Looking though one of those lists of the 100 greatest films or something, this was the first one I hadn’t seen. I say I hadn’t seen it; what I mean is I hadn’t seen it since I was a small child, when I was too stupid to work out what was going on.
For those of you who don’t know, it’s a film about the transition from silent to talking cinema in the late 1920s. The most successful screen couple in America (Gene Kelly and Jean Hagen) realise the future of their medium may be under threat following the success of the first “talkie”, The Jazz Singer. They then attempt to retro-fit their musketeer-based silent film with hokey dialogue at the last minute to tap into the same market, sort of like how Clash of the Titans was retro-fitted with hokey 3D effects at the last minute to tap into the same market as Avatar. Problematically, silent star Lina Lamont (Hagen) has an awful-sounding voice that doesn’t match her glamorous persona, resulting in laughter at a disastrous preview screening. To salvage the film, they decide to turn it into a musical, something which might have improved Clash of the Titans too.
While I had largely forgotten what happened in the film, the scene I always remembered most was the one where ditsy Lina has to be trained to talk into the microphone and they try hiding it in various places to make things easier. I remember this partly because it’s very funny, but also because for years afterwards in every film I watched I thought a large 1920s-style microphone had to be hidden in every scene. I’m not sure I realised the film was set a long time ago.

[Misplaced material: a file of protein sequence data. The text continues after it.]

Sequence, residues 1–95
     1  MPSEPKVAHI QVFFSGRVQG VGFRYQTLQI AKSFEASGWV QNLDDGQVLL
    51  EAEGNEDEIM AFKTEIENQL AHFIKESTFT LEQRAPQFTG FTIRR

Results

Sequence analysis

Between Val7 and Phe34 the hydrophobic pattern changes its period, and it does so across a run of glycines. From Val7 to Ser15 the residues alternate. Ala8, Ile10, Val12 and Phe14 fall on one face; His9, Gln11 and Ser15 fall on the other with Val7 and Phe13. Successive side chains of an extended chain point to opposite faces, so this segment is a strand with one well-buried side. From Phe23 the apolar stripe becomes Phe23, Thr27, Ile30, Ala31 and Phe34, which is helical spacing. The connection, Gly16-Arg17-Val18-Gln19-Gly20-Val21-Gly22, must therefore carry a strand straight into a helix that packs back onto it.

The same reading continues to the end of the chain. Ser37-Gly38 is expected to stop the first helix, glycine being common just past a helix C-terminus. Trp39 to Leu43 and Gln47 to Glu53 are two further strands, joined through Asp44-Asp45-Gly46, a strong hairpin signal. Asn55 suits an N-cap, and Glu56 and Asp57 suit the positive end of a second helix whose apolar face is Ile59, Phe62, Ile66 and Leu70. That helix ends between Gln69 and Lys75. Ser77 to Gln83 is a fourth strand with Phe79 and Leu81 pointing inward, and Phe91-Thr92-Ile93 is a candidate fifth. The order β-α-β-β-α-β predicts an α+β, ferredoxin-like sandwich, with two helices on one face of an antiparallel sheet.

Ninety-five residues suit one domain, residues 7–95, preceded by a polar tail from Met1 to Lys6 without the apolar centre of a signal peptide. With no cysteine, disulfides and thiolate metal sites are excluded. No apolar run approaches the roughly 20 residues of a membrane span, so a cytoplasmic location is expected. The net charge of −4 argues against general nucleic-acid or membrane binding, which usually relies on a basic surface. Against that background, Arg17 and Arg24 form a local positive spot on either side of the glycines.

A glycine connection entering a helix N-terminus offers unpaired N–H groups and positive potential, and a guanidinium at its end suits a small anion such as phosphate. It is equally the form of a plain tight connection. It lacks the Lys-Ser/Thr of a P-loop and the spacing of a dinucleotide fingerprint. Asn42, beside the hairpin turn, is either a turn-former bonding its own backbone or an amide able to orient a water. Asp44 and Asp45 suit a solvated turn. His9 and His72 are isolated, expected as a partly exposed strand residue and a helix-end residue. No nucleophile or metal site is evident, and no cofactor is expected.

Much of the brilliance of this film comes, unsurprisingly, from its song and dance numbers. When watching it I contemplated whether modern actors put this much effort into learning dance routines. Reading up on it afterwards, I discovered the answer is “no”. Donald O’Connor danced so hard during “Make ’em Laugh” (including two backflips off a wall) he reportedly slept for several days after filming, Debbie Reynolds burst blood vessels in her foot while performing one dance number, and Kelly was so ill during the filming of the titular song he had to do the whole thing in one take.
Most notable is the now dead form of dance in which the dancers perform incredibly complex dance routines while keeping their head level, facing forwards and with a plastic Hollywood grin plastered across it.
This film takes a very romantic view of Hollywood – in spite of its mildly satirical take on film production and celebrity – which ultimately takes a view that movie folk are pretty darn special. This is evidenced by the brutal process of making it, in contrast with the jovial characters onscreen. Similarly, a Hollywood executive (Millard Mitchell) is aghast at the idea of allowing one person to get rich and famous off another’s talent by using their singing voice in a film, but this was not only commonplace at the time, but used in the production of Singin’ in the Rain itself.
The way the film-within-a-film is saved by some last minute alterations to make it into a heart-warming musical also suggests that great films come about through ticking the boxes of what is marketable, rather than a creative idea being allowed to flourish. Again this is similar to the film itself, which was built around its popular musical numbers, rather than having the musical grow organically from the script. But in a way it’s these contradictions that make this film so iconic. It literally pulls back the curtain on the world behind the screen, openly presenting itself as the product of these illusions, asking us to accept that what we are watching might be fake or cynically conceived, but that as long as we’re having a good time, it doesn’t really matter.